Hotel Propeller Blog

How Coral Tree Guest House Thrives by Focusing on a Niche Market

One thing I truly love about working on the web is I get to meet and learn from folks from across the world!  And today’s interview is the perfect example.

Barbara Ann Kinghorn, of Coral Tree Guest House, located in Port Elizabeth, South Africa, joins us to share her experience running her accommodation business.  Aside from their heavy reliance on their website for marketing their hotel, what I really found interesting here was their focus on niche markets — primarily families with small children — and how this helps to attract their target customer.

This is part of our Hotelier Interviews series, where we’re inviting Hotel, B & B, and Resort operators on to tell their story of how they run and sustain their business.  If you’re interested in being interviewed, submit your request here.

Welcome, Barbara…

Can you briefly introduce your hotel, where it’s located, the local attractions, etc.?

CORAL TREE GUEST HOUSE is THE child-friendly, pet-friendly, wheelchair-friendly guest house in The Friendly City!” Picture us at the bottom right-hand “corner” of the continent of Africa.

We’re in Port Elizabeth, one of three cities making up the Nelson Mandela Metropolitan Municipality, in the Eastern Cape Province of South Africa. So we can offer visiting families both Beaches and the “Big 7” – lion, elephant, leopard, buffalo, rhino AND whales and great white sharks – safari experiences in a safely malaria-free area for little children, either at one of the many private game reserves in our area, or in the Addo Elephant National Park, about an hour’s drive from us.

How long have you been in operation? What led you to the decision to start your hotel?

Six years ago, my husband and I decided to create something that we would have loved, when we had three children aged 1 to 3, forty years ago: The Flat is a place where a family with little children will be welcomed with open arms into a safe, cheerful, family-friendly environment with books for all ages, games, puzzles, a Wendy House full of toys, a jungle gym and sand pit and videos and DVDs for rainy days.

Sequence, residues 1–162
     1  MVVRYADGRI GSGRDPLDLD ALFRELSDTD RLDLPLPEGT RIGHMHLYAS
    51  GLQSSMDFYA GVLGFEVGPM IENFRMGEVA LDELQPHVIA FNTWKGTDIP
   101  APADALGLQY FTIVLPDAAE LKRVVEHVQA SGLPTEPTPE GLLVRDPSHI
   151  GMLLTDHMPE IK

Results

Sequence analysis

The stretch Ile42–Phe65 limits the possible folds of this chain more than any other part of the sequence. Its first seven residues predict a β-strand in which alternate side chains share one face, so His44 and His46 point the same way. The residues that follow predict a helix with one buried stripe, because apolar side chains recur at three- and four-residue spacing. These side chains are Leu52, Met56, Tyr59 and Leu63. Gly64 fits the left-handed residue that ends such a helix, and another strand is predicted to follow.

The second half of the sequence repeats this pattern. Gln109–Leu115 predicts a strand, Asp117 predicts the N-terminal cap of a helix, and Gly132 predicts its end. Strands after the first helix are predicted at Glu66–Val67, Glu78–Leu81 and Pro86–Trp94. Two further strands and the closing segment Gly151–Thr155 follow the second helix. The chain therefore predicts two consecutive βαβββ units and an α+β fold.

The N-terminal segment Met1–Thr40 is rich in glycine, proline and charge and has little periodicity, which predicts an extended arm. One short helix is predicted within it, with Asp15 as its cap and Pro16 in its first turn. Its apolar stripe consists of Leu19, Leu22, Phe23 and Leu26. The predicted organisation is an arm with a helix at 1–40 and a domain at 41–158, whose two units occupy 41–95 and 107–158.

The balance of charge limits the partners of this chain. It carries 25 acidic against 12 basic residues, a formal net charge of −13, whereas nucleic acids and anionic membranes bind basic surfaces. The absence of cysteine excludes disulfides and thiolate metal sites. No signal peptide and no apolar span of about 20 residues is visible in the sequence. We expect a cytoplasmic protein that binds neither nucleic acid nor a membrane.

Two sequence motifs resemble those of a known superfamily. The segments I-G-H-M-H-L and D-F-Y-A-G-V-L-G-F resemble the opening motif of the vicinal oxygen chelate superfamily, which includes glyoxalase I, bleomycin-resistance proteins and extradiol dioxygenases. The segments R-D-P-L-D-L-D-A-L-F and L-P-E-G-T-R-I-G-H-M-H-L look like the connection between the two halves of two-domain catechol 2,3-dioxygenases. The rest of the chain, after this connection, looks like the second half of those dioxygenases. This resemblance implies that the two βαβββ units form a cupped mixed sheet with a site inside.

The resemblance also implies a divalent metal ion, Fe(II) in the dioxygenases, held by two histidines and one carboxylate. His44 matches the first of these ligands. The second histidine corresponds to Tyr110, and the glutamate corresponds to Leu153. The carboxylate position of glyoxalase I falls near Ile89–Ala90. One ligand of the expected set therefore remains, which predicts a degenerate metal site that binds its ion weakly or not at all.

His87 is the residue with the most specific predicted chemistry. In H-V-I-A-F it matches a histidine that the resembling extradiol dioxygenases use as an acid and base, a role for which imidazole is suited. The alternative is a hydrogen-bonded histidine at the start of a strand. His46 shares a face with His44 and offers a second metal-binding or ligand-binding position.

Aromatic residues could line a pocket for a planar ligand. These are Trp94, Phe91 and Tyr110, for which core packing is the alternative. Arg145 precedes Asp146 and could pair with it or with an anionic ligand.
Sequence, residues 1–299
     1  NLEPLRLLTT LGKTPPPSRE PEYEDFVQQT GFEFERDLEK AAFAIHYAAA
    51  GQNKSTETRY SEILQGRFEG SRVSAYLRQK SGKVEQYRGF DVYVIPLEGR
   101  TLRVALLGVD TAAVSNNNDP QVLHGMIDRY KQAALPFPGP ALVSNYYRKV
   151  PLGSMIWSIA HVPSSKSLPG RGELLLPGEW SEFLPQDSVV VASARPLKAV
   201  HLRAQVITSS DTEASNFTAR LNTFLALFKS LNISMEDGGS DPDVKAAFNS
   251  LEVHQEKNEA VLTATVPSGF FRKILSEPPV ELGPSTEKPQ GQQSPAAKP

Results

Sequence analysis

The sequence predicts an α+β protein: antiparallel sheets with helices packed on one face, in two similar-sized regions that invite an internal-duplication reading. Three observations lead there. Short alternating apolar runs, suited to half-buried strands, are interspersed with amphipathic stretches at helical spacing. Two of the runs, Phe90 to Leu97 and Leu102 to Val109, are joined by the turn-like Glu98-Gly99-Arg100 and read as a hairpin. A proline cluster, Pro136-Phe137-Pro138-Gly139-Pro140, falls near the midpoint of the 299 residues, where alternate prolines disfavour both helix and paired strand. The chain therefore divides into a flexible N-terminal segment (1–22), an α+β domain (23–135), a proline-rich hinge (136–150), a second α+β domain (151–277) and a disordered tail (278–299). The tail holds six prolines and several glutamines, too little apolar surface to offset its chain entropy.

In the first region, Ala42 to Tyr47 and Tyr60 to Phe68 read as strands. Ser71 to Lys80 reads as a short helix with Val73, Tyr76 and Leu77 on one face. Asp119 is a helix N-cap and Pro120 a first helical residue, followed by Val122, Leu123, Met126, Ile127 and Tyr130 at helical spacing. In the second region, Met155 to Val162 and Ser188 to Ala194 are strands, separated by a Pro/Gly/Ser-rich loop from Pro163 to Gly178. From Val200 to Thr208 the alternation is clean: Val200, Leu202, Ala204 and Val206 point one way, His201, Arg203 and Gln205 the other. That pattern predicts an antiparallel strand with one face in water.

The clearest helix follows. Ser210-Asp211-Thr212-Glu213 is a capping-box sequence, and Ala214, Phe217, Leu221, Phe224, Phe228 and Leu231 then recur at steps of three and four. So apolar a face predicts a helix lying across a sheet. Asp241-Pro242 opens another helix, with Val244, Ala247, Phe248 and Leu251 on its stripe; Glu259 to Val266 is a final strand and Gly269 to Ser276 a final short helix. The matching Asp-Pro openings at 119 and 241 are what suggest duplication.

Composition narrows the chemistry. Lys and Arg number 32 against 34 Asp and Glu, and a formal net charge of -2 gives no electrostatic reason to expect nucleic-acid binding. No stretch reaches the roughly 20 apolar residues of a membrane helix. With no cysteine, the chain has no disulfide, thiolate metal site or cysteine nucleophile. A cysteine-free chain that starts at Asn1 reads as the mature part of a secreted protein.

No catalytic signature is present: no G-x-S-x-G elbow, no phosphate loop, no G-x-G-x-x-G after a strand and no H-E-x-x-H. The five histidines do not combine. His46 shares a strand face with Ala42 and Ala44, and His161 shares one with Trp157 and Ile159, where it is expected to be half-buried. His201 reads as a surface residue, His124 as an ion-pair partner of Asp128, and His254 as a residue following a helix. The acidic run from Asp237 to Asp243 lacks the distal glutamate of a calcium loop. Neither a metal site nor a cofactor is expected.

The Suite came later – a private, grown-up space which is perfectly suited to business people’s needs, or for romantic getaways. It has many wheelchair-friendly features which make The Suite appropriate also for guests who come to Port Elizabeth for medical treatment.

What has been your most effective method of marketing your hotel and attracting guests?

“We cater specially for niche markets, each of which requires special furniture & decor, planning & logistics and cleaning solutions.”

We cater specially for three niche markets: families with little children, travellers with pets and people in wheelchairs, each of which requires special furniture & decor, planning & logistics and cleaning solutions.

So, our target markets on the Internet find us through these key words: child-friendly, pet-friendly, wheelchair-friendly accommodation in Port Elizabeth. We don’t even bother with print media any more, since we have had zero ROI from it in the past.

How have you used the web and social media to promote your hotel?

To date, our website has brought us most of our guests, who have engaged with us by phone or email but we are in the process of re-inventing it to harness the potential and need for instant feedback required by Social Media and the Mobile Revolution.

What is the most challenging aspect of running your hotel business? How do you overcome this?

South Africa is a long-haul destination for most “overseas” families and flights are not cheap, especially in the present economic climate. This was our most lucrative market, but it has shrunk – so our challenge at the moment is to find ways of making our accommodation affordable for local families.

What was one thing you learned from your experience operating your hotel, that you didn’t know or expect before starting out in the hospitality business?

I did a 10-week “Internet Super User” course online in 2010, to help me with marketing the business.

And thank goodness I did: I look back at the crotchety “I’m a Luddite and proud of it” sixty-something that I was and I’m ashamed of my old self. The Internet opened my eyes and my horizons and transformed me into a life-long learner. This unexpected ROI has enriched my life beyond all my expectations.

1 Response to “How Coral Tree Guest House Thrives by Focusing on a Niche Market”

  1. Brian July 24, 2012 at 9:29 am Reply

    Great followup discussion from other Hotel owners on niche marketing over on LinkedIn, here:

Leave a Reply